In a world that has totally gone mad with reconstructive and plastic surgery to recreate what we don’t appreciate about “the look” God gave to us when He created us, Psalm 139 teaches us that the God who is omniscient (139:1-6), omnipresent (139:7-12) and omnipotent (137:13-17) made us to look just like we look for His purposes!  Rather than being all bummed and depressed about it, we need to accept it, get over it, and use our “look” to fulfill His purposes for our lives!  It will be a wonderfully freeing day when you can thank God for all of your “features” that you would change if you could!


Psalm 140 and verse 1 says, “Deliver me, O LORD, from the evil man: preserve me from the violent man”. The evil man is one of the main characters of the Book of Proverbs to which we will go into detail in a couple of days.  We will see in the doctrinal/prophetic application, the “evil man” is none other than the Antichrist of the Tribulation Period.  Note the singular “evil man” and “violent man” in verse 1, as if it were just one individual, and yet the pronoun in verse 2 is plural: “Which imagine mischiefs in THEIR heart…”.  I John 2:18 is a key cross reference – “Little children, it is the last time: and as ye have heard that ANTICHRIST shall come, even now are there MANY ANTICHRISTS; whereby we know that it is the last time.”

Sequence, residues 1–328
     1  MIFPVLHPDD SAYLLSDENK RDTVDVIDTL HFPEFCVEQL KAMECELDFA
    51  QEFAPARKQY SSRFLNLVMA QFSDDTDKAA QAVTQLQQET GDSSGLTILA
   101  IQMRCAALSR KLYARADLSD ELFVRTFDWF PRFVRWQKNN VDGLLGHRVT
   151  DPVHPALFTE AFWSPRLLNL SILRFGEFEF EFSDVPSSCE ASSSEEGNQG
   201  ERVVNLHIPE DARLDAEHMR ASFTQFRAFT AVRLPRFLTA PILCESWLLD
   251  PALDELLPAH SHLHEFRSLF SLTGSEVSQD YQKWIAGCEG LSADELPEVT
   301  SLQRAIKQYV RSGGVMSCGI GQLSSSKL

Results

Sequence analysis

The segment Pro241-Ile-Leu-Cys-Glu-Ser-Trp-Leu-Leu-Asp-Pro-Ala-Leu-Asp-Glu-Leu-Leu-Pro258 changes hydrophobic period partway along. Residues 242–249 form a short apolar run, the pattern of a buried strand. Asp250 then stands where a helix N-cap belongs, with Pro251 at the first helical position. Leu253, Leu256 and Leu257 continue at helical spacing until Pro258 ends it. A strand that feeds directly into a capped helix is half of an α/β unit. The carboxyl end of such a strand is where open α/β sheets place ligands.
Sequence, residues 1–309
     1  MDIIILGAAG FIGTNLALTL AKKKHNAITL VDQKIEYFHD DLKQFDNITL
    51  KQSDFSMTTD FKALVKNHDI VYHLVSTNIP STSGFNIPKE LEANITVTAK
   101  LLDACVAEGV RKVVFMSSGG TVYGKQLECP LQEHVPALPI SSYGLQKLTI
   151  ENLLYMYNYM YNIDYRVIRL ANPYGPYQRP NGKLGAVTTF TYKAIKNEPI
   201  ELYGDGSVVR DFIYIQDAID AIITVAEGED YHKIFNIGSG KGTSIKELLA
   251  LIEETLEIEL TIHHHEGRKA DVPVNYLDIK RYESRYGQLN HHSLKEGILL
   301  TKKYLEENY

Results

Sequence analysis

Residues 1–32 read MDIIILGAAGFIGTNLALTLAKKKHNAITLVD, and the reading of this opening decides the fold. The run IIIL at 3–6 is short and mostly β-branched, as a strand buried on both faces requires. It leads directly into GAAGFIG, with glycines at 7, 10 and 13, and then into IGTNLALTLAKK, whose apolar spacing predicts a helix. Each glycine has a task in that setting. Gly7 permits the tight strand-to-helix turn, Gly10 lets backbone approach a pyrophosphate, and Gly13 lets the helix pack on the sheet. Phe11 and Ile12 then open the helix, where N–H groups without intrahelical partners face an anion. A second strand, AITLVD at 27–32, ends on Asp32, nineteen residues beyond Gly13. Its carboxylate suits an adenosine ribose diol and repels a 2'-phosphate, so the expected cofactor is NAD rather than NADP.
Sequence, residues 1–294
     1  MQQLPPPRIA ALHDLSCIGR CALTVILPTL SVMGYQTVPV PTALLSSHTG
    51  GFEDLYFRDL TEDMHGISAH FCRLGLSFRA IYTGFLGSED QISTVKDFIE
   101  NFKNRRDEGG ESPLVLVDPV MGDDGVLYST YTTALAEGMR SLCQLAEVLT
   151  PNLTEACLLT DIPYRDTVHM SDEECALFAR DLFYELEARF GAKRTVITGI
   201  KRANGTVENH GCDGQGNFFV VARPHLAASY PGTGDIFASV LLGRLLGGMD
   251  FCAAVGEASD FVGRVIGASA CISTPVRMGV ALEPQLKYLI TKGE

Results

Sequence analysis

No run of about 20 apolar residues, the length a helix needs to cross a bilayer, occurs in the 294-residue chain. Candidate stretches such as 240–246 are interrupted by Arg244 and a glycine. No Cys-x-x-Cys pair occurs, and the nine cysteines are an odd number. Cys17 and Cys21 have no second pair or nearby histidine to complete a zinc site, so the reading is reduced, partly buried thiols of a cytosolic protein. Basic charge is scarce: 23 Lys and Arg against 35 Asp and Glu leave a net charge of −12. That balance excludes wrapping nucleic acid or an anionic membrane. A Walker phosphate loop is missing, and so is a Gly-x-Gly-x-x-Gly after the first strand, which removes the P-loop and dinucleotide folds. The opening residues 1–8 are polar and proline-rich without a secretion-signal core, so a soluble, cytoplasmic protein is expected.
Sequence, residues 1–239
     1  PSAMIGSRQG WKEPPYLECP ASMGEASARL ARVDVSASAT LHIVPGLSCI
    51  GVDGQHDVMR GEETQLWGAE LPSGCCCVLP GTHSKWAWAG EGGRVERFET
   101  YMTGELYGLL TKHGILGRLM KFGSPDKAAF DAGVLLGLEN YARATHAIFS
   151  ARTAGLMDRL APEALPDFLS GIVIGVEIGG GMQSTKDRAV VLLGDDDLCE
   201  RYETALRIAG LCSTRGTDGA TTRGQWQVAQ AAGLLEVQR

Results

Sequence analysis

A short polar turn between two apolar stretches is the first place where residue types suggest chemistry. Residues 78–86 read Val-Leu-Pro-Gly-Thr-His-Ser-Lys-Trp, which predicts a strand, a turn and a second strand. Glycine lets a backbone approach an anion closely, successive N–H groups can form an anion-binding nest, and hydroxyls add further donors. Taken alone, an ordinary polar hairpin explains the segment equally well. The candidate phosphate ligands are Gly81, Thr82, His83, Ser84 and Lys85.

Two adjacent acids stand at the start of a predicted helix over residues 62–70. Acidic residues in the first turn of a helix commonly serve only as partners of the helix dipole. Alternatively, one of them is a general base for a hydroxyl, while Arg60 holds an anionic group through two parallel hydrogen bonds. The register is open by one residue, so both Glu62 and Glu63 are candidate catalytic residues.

As we have seen continuously through the Psalms, at the end of the Tribulation Period, the Antichrist will have united the nations (UN) in war against the Nation of Israel as verse 2 described, “continuously are they gathered together for war.”  Then the key word to set the context appears in verse 3: “Selah”.  Just as it looks utterly hopeless for Israel, then the Lord returns to judge His enemies and establish His rule and rest in His millennial kingdom.  That context, (see it set in verses 3, 5, 8) prevails throughout this entire Psalm, pointing to “that day” when “the upright shall dwell in thy presence” (vs. 13) on the earth.  Once again, it’s amazing the “doors” that open with just a few simple “keys” of Bible study!